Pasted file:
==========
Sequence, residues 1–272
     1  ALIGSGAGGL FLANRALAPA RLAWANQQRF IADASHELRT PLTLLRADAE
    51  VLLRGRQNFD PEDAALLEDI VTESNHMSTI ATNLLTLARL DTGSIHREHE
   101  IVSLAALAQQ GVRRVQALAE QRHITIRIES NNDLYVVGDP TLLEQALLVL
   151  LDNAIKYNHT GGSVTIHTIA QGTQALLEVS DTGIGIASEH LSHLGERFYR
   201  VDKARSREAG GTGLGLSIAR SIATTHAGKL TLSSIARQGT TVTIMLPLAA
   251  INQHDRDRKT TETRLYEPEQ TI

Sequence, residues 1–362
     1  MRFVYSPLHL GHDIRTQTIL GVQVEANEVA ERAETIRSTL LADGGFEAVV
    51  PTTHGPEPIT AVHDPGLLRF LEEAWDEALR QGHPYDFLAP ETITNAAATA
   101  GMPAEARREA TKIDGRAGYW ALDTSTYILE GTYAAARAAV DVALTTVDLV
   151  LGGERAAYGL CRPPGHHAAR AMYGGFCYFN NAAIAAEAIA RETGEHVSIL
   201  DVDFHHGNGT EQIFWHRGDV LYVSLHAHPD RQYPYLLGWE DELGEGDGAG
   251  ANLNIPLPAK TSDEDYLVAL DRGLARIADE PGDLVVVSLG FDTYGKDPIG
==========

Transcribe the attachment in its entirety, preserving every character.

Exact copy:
Sequence, residues 1–272
     1  ALIGSGAGGL FLANRALAPA RLAWANQQRF IADASHELRT PLTLLRADAE
    51  VLLRGRQNFD PEDAALLEDI VTESNHMSTI ATNLLTLARL DTGSIHREHE
   101  IVSLAALAQQ GVRRVQALAE QRHITIRIES NNDLYVVGDP TLLEQALLVL
   151  LDNAIKYNHT GGSVTIHTIA QGTQALLEVS DTGIGIASEH LSHLGERFYR
   201  VDKARSREAG GTGLGLSIAR SIATTHAGKL TLSSIARQGT TVTIMLPLAA
   251  INQHDRDRKT TETRLYEPEQ TI

Sequence, residues 1–362
     1  MRFVYSPLHL GHDIRTQTIL GVQVEANEVA ERAETIRSTL LADGGFEAVV
    51  PTTHGPEPIT AVHDPGLLRF LEEAWDEALR QGHPYDFLAP ETITNAAATA
   101  GMPAEARREA TKIDGRAGYW ALDTSTYILE GTYAAARAAV DVALTTVDLV
   151  LGGERAAYGL CRPPGHHAAR AMYGGFCYFN NAAIAAEAIA RETGEHVSIL
   201  DVDFHHGNGT EQIFWHRGDV LYVSLHAHPD RQYPYLLGWE DELGEGDGAG
   251  ANLNIPLPAK TSDEDYLVAL DRGLARIADE PGDLVVVSLG FDTYGKDPIG